Unplanned Attempts to Quit Smoking Are More Likely to Succeed Than Planned Attempts
More than 20% of adults in the United States currently smoke. Unfortunately, quitting smoking is a lot harder than taking up the habit. Many organizations promote a multi-step process for quitting. This model involves a series of stages that include thinking about quitting and preparing to quit, before actually attempting to quit. So how does the smoker who decides to quit at the spur of the moment fare?
In an article published in the January 26, 2006 edition of BMJ Online First , researchers report that unplanned attempts to quit smoking are twice as likely to be successful as planned attempts.
About the Study
The researchers recruited 918 smokers who’d reported making at least one serious attempt to quit and 996 ex-smokers, aged 16 years and older. The study subjects were asked how long ago they’d made their last attempt to quit; how much in advance they had planned to quit (the answers ranged from no advance planning, to planning the quit attempt later in the day, to planning to quit several months later); and how long their latest attempt to quit had lasted.
Nearly half of the study participants reported that their last attempt to quit was unplanned. In addition, participants who had made an unplanned attempt to quit smoking between six months and five years previously were twice as likely to have been cigarette-free for at least six months, compared to participants who had made a planned attempt. This was true even after the researchers took the participants’ age, gender, and socioeconomic group into consideration.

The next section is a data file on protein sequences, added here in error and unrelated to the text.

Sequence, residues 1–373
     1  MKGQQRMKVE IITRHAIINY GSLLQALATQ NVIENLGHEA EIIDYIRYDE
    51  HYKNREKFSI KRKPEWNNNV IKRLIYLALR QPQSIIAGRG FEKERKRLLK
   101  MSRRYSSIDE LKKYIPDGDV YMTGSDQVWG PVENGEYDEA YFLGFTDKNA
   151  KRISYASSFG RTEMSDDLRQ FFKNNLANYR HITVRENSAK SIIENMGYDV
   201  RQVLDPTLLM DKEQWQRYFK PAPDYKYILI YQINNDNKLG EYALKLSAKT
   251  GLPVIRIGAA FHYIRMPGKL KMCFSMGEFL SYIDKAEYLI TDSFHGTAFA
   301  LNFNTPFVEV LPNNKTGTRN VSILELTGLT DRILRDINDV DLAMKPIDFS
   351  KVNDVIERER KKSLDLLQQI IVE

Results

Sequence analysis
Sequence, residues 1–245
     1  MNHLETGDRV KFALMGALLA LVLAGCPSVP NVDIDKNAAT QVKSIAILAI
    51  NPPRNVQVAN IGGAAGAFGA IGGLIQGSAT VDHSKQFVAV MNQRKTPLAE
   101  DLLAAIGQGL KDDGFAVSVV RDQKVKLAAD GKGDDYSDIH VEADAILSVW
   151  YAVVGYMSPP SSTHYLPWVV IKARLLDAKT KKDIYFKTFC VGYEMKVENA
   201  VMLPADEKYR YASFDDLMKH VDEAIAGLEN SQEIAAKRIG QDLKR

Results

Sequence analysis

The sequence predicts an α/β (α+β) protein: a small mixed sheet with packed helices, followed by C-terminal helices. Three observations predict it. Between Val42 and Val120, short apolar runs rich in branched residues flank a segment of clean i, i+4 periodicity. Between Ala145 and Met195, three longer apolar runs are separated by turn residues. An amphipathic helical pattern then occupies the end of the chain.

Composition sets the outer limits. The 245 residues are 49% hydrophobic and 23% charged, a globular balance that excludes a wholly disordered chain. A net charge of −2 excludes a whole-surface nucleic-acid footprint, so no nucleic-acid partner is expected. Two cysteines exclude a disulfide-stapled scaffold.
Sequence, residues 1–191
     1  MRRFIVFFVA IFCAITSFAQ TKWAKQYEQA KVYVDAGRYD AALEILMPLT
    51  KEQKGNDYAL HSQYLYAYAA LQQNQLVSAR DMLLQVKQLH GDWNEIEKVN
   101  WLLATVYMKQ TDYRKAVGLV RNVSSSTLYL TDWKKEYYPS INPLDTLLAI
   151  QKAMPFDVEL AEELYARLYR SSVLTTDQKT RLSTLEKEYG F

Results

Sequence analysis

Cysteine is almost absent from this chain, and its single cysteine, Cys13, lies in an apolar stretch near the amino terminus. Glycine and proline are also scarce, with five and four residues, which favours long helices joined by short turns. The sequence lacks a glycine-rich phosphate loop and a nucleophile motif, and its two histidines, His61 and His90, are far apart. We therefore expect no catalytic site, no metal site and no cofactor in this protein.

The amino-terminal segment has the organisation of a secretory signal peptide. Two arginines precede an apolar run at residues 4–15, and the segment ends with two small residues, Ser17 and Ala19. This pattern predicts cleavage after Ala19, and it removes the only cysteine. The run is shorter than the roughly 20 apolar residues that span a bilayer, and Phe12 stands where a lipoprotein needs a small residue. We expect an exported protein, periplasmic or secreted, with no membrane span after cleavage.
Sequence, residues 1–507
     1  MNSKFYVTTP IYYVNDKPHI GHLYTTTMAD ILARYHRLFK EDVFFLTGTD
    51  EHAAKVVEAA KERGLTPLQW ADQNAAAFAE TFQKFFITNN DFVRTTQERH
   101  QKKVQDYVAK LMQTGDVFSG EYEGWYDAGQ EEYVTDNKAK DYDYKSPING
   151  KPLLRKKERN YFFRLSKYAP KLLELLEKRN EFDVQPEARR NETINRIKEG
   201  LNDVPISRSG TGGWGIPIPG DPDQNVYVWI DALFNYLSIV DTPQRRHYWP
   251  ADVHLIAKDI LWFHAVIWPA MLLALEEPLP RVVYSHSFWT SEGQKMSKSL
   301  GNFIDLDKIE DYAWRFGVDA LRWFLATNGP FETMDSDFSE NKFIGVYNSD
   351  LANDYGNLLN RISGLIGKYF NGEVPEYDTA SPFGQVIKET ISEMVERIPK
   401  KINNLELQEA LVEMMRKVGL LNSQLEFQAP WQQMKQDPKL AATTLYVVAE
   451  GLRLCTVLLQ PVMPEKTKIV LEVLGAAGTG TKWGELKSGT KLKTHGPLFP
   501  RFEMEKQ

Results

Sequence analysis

Because the study participants were asked about quit attempts up to five years in the past, this study was limited by the potential inaccuracy of the participants’ recollections. The researchers also did not ask the participants why they decided to quit, and just as important, why they started smoking again, if they did.
How Does This Affect You?
This study found that unplanned attempts to quit smoking were more likely to be successful than planned attempts. This does not necessarily mean than the process of planning is counterproductive. Rather, it might reflect that someone who decides to quit smoking at that moment is more committed to quitting than someone who has pondered the event for some time. While this conclusion seems a bit surprising, it is difficult to say more without knowing what motivated the abrupt quitters to act.
While quitting cold turkey might work for some people, it may not be the best option for others. Purchasing nicotine patches, removing cigarettes from your home and office, and telling others about your plan to quit can all make quitting easier—and all require planning. So if planning before proceeding is your style, then do that. But, if the time feels right—right now—do it!
West R et al. “Catastrophic” pathways to smoking cessation: findings from nation survey. BMJ doi:10.1136/bmj.38723.573866.AE (published 27 January 2006)
Last reviewed Feb 2, 2006 by ]]>Richard Glickman-Simon, MD]]>
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